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CQC may arrange a visit to inspect registered primary care providers at any time. The frequency of inspections will vary.
Before an inspection you will have been asked for information by CQC. The documentation typically requested includes summaries of complaints and adverse events, evidence of how you monitor quality of treatment, including patient surveys and staff recruitment and training policies. Provide the information promptly (within five working days, or 10 working days for a GP out-of-hours service). Do your homework - it's likely that questions may be asked that relate to this documentation on the day of the inspection.
CQC's lead inspector will contact you to introduce themselves and explain the agenda for the day and discuss the practicalities, such as allowing staff time for interviews and ensuring there is an area set aside for inspectors to use.
Before the inspection, you will also be sent comment cards for patients to complete and posters to display in your reception/waiting room. This will advertise the inspection and give patients the opportunity to contact CQC directly.
It makes sense to prepare for the inspectors' initial interview where you will be asked to say what makes your practice outstanding. This includes examples of how you have improved patient outcomes and experience.
This is an opportunity to talk about the excellent care and service you provide to patients. Set aside any modesty and be ready to identify and speak about what makes your practice excellent, and makes it stand out from the crowd. The inspection team will be keen to hear about excellence, so prepare thoroughly for this part of the interview.
Be realistic about any particular challenges your practice is facing. It's better to be prepared for questioning and ready to talk about the steps you're taking to address concerns. CQC has said it will judge practices and GP out-of-hours services more harshly if it finds they have not been open about issues of concern and this will affect their rating.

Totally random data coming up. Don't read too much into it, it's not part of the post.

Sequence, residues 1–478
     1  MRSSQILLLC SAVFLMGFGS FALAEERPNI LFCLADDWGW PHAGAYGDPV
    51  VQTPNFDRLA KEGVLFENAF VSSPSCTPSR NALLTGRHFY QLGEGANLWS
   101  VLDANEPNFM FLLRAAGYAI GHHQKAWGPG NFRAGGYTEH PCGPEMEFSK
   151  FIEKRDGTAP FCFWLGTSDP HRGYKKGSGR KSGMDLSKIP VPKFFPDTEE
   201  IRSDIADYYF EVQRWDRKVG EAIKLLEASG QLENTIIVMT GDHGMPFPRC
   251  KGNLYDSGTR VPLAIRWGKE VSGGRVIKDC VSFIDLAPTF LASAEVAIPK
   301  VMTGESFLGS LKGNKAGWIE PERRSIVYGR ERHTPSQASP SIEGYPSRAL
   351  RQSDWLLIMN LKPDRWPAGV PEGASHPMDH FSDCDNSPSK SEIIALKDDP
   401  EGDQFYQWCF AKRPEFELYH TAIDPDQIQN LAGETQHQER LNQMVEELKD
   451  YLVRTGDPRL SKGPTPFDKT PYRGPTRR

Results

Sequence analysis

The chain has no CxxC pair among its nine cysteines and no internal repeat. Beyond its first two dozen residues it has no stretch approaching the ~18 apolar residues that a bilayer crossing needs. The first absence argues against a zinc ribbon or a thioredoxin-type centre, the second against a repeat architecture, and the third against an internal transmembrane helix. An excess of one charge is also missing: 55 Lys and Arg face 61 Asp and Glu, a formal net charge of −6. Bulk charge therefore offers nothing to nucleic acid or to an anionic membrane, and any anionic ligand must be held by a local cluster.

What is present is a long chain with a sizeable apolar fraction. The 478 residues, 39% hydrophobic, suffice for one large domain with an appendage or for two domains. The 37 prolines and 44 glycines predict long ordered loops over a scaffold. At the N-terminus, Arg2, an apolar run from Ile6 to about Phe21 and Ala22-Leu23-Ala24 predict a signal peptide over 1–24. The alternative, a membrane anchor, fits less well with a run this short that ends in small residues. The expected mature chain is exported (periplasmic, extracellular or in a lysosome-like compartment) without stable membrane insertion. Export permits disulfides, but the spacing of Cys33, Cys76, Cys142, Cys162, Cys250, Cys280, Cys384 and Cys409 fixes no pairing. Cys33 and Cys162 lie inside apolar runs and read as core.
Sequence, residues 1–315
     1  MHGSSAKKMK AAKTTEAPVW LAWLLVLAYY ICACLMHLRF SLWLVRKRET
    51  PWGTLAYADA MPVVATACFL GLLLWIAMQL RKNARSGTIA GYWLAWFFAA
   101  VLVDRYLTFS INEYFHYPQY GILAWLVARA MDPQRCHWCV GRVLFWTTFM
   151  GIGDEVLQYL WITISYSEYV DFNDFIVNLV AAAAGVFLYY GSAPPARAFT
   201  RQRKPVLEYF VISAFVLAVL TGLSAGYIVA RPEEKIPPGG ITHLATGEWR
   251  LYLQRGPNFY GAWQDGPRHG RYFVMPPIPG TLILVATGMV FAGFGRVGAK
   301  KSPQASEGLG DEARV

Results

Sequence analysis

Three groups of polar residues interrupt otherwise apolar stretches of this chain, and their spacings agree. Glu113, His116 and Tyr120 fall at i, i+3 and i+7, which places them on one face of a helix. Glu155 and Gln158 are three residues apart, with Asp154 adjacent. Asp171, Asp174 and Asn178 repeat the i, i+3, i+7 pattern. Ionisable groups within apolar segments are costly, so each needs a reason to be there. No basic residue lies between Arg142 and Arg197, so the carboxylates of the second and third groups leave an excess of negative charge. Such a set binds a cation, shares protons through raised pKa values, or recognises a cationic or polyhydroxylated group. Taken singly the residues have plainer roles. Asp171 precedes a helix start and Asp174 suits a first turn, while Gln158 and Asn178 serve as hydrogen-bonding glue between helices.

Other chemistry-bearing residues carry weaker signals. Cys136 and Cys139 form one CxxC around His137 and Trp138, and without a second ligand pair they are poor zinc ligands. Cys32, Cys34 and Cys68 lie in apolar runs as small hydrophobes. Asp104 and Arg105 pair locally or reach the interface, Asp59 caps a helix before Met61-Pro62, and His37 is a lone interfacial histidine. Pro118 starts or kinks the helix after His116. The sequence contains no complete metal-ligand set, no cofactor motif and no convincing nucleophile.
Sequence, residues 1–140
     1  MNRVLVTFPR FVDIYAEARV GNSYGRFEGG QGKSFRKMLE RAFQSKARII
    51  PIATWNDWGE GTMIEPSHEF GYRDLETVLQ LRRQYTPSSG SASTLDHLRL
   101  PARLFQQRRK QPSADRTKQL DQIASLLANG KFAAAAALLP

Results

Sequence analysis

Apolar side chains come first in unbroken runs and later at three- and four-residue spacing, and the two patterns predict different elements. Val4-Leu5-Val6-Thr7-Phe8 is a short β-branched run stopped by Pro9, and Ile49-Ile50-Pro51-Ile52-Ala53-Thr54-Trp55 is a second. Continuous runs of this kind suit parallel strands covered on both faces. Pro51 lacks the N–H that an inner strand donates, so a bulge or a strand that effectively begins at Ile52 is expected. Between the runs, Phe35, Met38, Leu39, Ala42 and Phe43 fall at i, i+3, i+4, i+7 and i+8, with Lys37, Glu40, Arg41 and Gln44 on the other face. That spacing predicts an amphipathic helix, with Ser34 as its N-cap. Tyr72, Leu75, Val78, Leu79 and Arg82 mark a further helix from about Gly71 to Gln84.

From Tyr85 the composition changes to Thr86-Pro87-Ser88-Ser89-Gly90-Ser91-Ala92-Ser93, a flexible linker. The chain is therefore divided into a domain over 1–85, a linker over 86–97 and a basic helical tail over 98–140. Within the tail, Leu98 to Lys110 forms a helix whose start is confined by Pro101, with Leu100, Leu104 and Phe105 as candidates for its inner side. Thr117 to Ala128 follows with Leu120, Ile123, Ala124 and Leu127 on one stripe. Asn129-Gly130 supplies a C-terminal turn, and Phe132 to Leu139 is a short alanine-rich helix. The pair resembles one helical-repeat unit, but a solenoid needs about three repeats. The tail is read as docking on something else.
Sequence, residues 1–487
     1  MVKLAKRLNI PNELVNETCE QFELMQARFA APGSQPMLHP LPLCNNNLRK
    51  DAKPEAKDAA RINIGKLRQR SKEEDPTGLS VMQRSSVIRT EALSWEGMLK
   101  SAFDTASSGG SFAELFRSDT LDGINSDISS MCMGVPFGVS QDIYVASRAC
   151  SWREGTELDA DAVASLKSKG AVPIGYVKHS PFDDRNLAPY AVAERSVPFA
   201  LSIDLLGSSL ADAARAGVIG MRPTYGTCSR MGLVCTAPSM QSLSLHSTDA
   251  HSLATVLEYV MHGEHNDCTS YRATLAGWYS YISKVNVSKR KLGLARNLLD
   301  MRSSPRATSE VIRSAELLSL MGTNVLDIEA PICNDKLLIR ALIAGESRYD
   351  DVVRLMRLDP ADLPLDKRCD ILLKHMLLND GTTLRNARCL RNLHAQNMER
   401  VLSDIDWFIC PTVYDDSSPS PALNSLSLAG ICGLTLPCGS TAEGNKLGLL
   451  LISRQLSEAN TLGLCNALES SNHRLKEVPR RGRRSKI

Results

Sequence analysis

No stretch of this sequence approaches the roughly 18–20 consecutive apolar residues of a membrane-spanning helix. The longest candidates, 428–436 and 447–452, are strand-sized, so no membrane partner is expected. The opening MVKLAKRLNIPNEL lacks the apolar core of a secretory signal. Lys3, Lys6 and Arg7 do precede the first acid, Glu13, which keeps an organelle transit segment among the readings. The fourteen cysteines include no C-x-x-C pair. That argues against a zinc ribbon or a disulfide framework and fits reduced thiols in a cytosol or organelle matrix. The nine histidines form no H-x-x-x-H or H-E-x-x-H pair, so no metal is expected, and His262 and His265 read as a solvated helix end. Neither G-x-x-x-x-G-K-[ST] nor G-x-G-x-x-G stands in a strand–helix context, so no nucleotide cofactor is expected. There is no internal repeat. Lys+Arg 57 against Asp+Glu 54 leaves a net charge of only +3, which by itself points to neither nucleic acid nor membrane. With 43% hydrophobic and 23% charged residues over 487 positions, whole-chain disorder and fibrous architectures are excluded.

Inspectors will want to speak to GP partners, locums, trainees, practice managers, nurses, healthcare assistants and administrative staff, so we advise you to ensure all practice staff are up to date with relevant practice protocols and understand what the inspection entails.
Consider setting aside a training session where staff are put through mock interviews so that the real thing will not come as too much of a surprise.
It's also important to know how to access material that might be requested by inspectors as evidence, such as audits, written procedures and patient records (CQC is entitled to review records under section 63(2)(b) of the Health and Social Care Act 2008). We have guidance on disclosing confidential information to CQC.
CQC has produced a quick guide to help practices understand what to expect from an inspection, covering general preparation, what happens on the day and afterwards. More detailed guidance on preparation and visits can be found in the CQC's guidance for providers.